What is Employee Surveillance?

Camera Wall
Photo by Lianhao Qu
Employee surveillance is the monitoring of employees and collection of employee data, identifiable or not, for the purpose of influencing and managing the behavior of those being monitored.

It is frequently referred to as monitoring or tracking, however the methods and aims remain the same, regardless of the name.

Employee surveillance can take many forms, but it is often implemented for extended and continuous periods of time and has the capacity to collect large amounts of identifiable data. It is typically done during working hours. However, there is a worrying trend of employee surveillance extending outside of workplaces and working times.


“Why do employers use surveillance?”

There are a huge number of reasons why employees use surveillance tactics against employees.

These include:

  • To reinforce management power and control
  • To ‘measure’ performance and productivity
  • To understand employee mindset and attitude
  • To map social relationships between employees
  • To undermine whistleblowing efforts
  • To gain intelligence on workplace organising activities

Instances of such tactics can - and do - appear in a diverse range of contexts. Although we might think of surveillance as something primarily digital, and rooted in office environments, it is important to remember that some of the most well-documented examples of surveillance have taken place in logistics. It’s no secret that delivery drivers and warehouse staff are being increasingly tracked in a bid to enforce a specific form of workplace discipline that allows management to deliver what it might call greater ‘efficiency’.

It’s not just about speed and output. Surveillance can also be used to determine the ‘quality’ of one’s work, or can be deployed in a pseudoscientific manner to build a psychological profile of employees to understand motivations and attitude. The former is something widely used in customer service and support settings, while the latter is today ubiquitous in many forms of white collar work.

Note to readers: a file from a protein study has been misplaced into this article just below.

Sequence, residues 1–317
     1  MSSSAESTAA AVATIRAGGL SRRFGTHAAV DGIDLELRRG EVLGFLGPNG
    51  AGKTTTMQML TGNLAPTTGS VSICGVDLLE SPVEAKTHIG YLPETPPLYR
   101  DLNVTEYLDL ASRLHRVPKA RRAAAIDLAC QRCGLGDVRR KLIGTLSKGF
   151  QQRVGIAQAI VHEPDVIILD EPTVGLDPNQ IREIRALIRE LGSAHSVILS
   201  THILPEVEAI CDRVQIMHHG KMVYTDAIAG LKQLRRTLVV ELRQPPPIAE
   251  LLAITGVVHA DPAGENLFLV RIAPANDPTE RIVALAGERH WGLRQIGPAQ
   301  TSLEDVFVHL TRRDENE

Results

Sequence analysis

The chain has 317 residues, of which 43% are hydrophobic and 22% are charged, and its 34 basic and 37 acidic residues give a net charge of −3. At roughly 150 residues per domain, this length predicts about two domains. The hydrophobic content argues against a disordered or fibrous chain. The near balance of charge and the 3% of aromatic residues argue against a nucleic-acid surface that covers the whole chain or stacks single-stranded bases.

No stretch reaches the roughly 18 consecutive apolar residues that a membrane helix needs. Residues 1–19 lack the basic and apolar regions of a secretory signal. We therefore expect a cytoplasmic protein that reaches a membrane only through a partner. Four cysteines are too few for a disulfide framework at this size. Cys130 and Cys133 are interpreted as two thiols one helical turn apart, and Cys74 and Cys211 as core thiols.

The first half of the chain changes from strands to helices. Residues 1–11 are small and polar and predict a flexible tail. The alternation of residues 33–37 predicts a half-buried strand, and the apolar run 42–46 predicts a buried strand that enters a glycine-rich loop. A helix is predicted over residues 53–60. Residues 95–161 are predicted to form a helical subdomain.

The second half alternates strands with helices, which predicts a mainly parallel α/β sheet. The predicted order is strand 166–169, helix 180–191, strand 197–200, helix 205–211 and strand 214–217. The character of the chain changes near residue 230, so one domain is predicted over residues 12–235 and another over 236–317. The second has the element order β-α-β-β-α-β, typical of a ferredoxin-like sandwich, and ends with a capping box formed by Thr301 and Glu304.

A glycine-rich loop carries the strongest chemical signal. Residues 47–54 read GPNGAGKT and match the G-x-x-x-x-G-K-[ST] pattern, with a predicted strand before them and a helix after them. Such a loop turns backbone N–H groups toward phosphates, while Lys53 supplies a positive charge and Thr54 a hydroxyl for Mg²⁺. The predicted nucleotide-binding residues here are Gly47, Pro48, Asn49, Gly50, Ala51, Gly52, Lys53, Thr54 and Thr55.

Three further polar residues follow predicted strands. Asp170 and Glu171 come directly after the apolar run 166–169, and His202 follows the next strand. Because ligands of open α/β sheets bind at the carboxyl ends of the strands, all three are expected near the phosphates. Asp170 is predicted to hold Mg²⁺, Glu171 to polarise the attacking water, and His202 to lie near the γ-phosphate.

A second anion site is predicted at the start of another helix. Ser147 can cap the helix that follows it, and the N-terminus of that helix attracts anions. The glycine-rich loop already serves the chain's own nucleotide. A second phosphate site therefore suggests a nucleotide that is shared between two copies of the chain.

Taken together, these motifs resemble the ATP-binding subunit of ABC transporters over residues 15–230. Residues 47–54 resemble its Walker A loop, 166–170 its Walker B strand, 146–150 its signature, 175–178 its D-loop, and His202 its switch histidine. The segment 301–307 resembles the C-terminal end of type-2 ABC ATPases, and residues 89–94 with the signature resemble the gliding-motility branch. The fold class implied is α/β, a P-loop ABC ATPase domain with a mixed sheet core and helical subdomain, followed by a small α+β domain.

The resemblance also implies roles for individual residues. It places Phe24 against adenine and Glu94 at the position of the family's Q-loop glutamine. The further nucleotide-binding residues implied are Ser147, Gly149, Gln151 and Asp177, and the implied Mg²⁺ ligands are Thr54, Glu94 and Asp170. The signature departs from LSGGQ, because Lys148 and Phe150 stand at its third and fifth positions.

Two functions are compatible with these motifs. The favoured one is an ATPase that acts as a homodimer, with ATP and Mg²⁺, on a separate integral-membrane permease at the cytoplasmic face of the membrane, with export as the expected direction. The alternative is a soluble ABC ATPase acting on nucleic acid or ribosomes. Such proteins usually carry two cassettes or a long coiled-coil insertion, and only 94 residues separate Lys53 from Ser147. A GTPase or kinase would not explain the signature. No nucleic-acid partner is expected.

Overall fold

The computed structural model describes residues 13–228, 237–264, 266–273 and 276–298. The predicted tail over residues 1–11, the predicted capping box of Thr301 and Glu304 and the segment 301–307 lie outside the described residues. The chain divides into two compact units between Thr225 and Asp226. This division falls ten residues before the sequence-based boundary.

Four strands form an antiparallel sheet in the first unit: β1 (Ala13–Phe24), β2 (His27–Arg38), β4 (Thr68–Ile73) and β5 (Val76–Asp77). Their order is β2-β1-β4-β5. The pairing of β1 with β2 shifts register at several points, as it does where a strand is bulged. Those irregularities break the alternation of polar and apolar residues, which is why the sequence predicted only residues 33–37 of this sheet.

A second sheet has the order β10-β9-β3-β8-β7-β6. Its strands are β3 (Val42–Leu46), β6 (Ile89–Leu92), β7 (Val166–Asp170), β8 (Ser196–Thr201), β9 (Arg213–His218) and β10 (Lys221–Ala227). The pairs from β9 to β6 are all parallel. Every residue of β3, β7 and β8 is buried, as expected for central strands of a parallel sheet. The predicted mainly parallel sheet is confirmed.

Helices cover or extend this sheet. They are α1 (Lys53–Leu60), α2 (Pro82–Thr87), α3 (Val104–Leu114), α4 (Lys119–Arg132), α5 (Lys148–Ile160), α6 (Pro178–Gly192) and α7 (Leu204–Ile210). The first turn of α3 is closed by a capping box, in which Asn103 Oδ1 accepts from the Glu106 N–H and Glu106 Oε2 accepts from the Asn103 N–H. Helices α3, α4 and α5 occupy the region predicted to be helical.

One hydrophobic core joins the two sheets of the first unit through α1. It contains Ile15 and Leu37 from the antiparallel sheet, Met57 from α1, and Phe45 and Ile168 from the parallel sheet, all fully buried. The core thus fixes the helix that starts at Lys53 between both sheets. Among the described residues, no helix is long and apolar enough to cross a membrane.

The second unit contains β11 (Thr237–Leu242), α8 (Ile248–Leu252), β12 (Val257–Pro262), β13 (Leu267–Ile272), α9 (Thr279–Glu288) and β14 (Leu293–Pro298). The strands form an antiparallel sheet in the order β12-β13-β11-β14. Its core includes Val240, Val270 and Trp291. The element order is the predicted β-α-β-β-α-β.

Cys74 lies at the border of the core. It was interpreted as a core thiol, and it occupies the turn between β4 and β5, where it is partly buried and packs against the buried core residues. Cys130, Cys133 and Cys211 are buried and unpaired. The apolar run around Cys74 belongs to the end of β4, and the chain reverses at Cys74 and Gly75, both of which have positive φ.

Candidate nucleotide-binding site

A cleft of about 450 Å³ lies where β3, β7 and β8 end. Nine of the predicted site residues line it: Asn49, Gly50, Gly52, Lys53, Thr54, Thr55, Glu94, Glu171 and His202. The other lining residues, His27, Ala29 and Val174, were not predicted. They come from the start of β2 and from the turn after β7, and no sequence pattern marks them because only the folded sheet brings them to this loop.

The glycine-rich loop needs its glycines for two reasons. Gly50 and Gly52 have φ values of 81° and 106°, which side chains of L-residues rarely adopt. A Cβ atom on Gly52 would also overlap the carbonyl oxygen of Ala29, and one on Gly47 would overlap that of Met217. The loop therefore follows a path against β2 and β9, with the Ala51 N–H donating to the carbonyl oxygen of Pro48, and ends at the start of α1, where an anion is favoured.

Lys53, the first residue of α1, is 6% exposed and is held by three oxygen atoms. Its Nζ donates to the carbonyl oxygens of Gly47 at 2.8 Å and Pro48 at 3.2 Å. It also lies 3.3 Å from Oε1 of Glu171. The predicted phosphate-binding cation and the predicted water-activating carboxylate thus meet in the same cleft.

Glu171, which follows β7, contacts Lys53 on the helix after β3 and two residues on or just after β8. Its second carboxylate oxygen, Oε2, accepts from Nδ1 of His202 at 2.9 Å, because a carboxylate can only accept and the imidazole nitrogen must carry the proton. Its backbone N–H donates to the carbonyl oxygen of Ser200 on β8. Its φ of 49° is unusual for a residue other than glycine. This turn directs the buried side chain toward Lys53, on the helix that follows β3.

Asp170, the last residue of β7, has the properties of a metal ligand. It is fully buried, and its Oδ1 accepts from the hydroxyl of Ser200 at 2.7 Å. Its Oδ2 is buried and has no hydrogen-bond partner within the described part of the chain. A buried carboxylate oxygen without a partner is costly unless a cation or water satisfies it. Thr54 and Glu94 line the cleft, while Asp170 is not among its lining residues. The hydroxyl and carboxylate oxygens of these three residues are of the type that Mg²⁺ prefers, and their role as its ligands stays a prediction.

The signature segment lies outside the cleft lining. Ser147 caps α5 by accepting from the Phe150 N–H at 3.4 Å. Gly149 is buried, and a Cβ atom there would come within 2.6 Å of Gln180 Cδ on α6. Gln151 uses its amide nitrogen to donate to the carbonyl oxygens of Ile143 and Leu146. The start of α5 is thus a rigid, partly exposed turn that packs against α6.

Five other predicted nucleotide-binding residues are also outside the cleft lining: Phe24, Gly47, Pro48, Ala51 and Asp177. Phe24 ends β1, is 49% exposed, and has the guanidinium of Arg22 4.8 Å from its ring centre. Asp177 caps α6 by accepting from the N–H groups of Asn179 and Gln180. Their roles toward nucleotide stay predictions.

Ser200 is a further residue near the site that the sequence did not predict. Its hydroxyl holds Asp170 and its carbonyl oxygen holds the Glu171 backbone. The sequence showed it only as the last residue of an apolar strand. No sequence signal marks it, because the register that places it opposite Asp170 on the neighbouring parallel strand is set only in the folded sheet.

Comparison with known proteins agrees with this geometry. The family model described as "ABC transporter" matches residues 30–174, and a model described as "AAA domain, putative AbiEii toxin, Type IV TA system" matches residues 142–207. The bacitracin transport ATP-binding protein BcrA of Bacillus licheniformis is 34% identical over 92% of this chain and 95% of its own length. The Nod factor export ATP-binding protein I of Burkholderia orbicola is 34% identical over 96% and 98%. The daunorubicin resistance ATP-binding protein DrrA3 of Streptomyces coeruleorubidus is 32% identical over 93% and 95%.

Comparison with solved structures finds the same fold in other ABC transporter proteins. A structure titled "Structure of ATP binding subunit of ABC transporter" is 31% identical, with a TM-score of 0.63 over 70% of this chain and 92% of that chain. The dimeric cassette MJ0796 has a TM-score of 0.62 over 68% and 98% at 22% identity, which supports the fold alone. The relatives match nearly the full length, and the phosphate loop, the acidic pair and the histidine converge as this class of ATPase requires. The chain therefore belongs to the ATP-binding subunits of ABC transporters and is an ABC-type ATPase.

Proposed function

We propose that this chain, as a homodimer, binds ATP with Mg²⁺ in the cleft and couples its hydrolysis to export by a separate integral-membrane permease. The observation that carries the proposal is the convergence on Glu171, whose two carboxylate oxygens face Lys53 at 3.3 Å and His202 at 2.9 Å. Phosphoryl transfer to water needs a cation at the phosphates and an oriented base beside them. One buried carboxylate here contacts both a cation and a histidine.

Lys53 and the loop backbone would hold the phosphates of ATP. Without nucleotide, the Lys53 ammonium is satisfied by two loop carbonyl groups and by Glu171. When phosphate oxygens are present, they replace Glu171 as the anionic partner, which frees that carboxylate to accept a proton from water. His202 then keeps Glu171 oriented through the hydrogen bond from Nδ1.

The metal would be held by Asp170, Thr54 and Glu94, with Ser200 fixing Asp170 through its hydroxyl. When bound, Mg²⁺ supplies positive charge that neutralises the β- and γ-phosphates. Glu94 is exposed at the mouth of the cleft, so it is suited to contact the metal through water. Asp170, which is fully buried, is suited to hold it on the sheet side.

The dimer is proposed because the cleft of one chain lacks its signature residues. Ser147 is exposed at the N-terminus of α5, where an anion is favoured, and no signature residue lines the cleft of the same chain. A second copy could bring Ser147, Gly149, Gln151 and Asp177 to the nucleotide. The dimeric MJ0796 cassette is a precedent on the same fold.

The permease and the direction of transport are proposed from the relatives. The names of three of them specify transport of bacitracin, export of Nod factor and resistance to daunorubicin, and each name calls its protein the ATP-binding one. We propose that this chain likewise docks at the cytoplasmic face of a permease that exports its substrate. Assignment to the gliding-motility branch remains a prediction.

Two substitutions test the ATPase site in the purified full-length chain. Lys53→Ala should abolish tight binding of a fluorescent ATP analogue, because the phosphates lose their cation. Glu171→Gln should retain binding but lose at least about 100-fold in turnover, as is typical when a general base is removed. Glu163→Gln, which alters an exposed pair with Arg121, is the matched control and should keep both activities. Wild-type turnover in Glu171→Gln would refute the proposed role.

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The tools and techniques of surveillance

Although we shouldn’t reduce employee surveillance to technological capabilities, there are still a range of technological tools that make surveillance easier.

These include:

Graffiti of Security Cameras
Photo by Kirill Sharkovski
  • Reading instant messages and emails
  • Application usage recording
  • Viewing calendars, notes, and reminders
  • Remote desktop control
  • Monitoring internet activity
  • Keylogging and mouse tracking
  • GPS and mobile device tracking
  • Recording and screenshotting employees’ screens

That list is far from exhaustive. Employee surveillance is a growing industry driven by employers looking to increase pressure and control over staff, and software companies producing new technologies that enable such extensive monitoring. The tactics employed and the products on offer will continue to dominate the workplace, as long as there is no challenge to intrusive surveillance for the control and discipline of labour.


The Problem

Workplace surveillance has become unnecessarily intrusive. It contributes to a style of work that is increasingly hostile to workers’ mental health and increases stress. Its implementation is rarely transparent and creates many opportunities for workers to be treated unfairly.

In short, it undermines employee autonomy and agency.